Today Shadow, Wilma, My Parents, and I Adventured to Wilson Castle in Proctor, Vermont. Wilson Castle was built in 1867 by John Johnson, a physician, and his wife. The couple only briefly resided in the home before Mrs. Johnson died, and it was soon repossessed. The estate changed hands several times before being bought by the Wilson family, who have owned the property since 1939. The Castle is now a museum, and is open for tours.
We had a brief Adventure to Wilson Castle, exploring the grounds of this Castle structure. Although I had read many negative reviews I was curious to check out this unique estate. On arrival it was clear that this Castle was in disrepair, almost appearing more a mansion then the reported “Castle”. However, we decided to take a loop around the Castle, viewing the manor. I was especially drawn to a lovely fountain, eagle statue, and gorgeous stain glass-like window. The estate was decorated for a Halloween event, adding some odd decorations along the grounds. Although definitely not anything magnificent I was pleased to check out the ground of the Wilson Castle (Rating: 2, Company: 5).
Today Shadow, Wilma, My Parent, and I Adventured to Pine Hills Park in Rutland, Vermont. Pine Hills Park is a 325 acre park offering 16 miles of trails including trails for mountain biking, snowshoeing, and hiking. The main land was donated to the city of Rutland by Henry O Carpenter in 1921 with the idea of creating a developed park.
We had a foliage filled and refreshing Adventure to the Pine Hills Park in Rutland, Vermont. We entered the park with some interesting structures greeting us, before quickly arriving at a large park map. The park provided brochures which included a detailed, and color coded-trail map. The trail started at a long boardwalk, leading us to a massive, and scenic boulder. We of course took took some family photographs before heading on our chosen trail. The trail was simple, but gorgeous on this lovely Fall day. The signs of Fall were clear with many yellow and orange leaves scattered throughout the trail. The trail looped around, flowing up and down the forest land. We were elated to have my parents join us on this Fall Adventure. My Dad walked Shadow, while my Mom sought out the perfect photographs along the trail. We took our time, discussing trees, basking in the wonderful Fall, family day.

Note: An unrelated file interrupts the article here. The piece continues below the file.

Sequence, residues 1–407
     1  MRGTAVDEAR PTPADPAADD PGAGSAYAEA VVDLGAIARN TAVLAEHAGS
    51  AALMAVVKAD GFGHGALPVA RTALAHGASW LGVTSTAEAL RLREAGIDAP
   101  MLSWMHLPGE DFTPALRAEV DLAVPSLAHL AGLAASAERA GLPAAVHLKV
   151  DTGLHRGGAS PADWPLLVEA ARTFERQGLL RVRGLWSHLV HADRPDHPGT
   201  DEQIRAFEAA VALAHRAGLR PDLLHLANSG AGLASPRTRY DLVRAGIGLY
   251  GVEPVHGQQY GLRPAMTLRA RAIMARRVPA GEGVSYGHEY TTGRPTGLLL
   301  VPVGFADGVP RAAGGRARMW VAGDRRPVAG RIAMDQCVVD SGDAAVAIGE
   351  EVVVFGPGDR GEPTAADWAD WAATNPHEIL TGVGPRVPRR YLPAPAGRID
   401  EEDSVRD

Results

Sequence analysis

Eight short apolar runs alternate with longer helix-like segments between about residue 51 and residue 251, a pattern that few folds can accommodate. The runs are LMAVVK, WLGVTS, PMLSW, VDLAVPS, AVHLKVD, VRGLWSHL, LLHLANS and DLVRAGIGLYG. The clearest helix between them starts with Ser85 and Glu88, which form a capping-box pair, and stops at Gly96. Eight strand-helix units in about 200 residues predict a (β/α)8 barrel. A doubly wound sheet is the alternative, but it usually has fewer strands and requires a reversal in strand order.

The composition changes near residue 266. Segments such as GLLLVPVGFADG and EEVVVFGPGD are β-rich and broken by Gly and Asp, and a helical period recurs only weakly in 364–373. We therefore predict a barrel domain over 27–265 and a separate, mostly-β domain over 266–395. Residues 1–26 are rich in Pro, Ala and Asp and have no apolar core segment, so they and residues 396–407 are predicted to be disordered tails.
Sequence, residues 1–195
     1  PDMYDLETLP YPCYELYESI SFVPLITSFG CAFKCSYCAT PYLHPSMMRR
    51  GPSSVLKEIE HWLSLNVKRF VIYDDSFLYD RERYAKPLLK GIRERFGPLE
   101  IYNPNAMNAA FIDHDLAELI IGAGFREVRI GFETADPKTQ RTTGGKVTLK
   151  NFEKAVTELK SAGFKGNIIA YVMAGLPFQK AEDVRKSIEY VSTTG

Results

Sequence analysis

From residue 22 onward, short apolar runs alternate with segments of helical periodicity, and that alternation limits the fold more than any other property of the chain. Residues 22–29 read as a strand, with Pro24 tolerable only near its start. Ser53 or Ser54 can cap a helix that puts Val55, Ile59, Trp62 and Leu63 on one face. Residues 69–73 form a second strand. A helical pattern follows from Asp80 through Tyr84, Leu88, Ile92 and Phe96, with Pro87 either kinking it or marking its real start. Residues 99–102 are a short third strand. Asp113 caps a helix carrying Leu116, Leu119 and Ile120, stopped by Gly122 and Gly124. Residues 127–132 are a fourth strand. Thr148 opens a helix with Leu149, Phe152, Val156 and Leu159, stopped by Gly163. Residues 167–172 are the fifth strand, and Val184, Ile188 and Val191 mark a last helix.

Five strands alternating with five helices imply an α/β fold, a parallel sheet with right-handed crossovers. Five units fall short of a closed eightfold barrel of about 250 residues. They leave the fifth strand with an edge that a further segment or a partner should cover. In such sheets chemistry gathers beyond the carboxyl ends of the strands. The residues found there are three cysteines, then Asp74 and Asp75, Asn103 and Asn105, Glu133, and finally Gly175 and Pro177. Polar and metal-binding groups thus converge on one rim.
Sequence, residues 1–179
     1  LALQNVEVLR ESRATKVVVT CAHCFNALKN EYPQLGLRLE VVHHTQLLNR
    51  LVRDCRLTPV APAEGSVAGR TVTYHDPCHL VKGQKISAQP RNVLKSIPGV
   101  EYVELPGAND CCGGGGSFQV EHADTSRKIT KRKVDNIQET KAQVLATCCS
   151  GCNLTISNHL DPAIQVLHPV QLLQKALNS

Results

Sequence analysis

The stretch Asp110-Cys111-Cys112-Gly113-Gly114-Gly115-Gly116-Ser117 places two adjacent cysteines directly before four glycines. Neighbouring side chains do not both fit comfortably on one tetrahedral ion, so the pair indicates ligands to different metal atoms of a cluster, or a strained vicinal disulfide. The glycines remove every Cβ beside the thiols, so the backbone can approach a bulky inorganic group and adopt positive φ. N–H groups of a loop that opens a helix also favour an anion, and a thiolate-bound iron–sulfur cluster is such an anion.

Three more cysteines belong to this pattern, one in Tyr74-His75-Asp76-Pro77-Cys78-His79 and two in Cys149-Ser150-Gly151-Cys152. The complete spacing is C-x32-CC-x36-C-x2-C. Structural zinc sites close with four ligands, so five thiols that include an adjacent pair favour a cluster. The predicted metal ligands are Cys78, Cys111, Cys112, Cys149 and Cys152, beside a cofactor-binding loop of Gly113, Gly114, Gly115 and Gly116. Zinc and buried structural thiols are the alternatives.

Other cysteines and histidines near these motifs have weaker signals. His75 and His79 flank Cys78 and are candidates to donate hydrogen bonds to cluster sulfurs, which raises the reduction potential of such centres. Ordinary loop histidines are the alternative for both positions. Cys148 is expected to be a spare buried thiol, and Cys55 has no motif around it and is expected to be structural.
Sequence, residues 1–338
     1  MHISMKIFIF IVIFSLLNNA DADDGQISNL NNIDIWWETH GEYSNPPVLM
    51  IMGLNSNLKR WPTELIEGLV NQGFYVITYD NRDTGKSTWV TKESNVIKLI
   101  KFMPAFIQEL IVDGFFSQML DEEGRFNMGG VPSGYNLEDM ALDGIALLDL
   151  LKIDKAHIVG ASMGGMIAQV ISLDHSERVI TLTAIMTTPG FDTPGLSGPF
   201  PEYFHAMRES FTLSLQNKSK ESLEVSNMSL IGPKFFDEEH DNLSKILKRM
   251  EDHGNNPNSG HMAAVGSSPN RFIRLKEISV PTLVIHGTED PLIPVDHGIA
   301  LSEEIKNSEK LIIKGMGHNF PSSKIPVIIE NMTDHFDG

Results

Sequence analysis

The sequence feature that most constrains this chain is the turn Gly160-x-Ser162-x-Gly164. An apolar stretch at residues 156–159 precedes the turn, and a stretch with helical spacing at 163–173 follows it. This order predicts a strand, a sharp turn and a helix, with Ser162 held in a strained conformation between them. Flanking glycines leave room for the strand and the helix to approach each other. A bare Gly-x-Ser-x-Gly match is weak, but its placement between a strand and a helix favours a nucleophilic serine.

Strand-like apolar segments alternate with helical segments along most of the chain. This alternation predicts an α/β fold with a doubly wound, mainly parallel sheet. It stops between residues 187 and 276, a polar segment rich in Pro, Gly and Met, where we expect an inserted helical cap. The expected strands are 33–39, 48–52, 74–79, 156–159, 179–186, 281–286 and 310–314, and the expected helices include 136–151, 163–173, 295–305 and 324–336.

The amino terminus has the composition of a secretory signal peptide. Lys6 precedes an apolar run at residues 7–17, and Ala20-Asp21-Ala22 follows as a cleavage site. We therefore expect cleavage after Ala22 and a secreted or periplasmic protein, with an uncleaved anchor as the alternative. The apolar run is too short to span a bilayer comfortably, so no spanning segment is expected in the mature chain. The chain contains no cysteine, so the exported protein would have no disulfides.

After our walk we found some nearby picnic tables to eat lunch before heading to our next Adventure. I will have to admit, my Dad found this little Park, and we could not have been happier with this find. Definitely a Park I wish was local, but glad we could explore it on our Adventure today (Rating: 4, Company – 5).
Yesterday Shadow, Wilma and I visited the Bennington Battle Monument in Bennington, Vermont. The Battle Monument commemorates the Battle of Bennington during the American Revolutionary War, and is approximately 300 feet in height. The Monument was completed and dedicated in 1891. There is an observatory approximately 200 feet up, a gift shop, several artifacts in the monument,and various statures on the grounds.
We had a wonderful Adventure to the Bennington Battle Monument in Bennington, Vermont. I was absolutely awed driving up of the amazing height of the Monument. It was so tall and magnificent, the sun streaming around it. There was even a fiber-class moose statue, artwork from the past Moosefest held in Bennington. An odd addition to a historic landmark, but yet provides some Vermont culture to the area. We walked around the Monument, visiting the statues and structures on the grounds. A beautiful Fall day, we could not resist laying in the sun, the Monument towering over us. Shadow enjoyed many rolls in the grass, while Wilma watched everything and anything around us. Wilma had a humorous encounter with a statue, adding great entertainment to our day (see video below).
Before leaving we walked around the streets in the neighborhood, large homes, with perfect landscaping. We enjoyed our time taking in the monument (Rating: 4).
Today we visited the Burt Henry Covered Bridge in Bennington, Vermont. The Burt Henry Covered Bridge was built in 1840, but later rebuilt in 1989. It crosses the Wallroomsac River, and is approximately 121 feet in length. It is one of three bridges that crosses the Wallroomsac River.